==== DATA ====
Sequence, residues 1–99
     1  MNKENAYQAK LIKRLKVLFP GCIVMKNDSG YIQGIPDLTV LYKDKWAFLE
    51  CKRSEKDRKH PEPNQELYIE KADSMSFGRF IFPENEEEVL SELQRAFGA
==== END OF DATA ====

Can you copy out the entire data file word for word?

Sequence, residues 1–99
     1  MNKENAYQAK LIKRLKVLFP GCIVMKNDSG YIQGIPDLTV LYKDKWAFLE
    51  CKRSEKDRKH PEPNQELYIE KADSMSFGRF IFPENEEEVL SELQRAFGA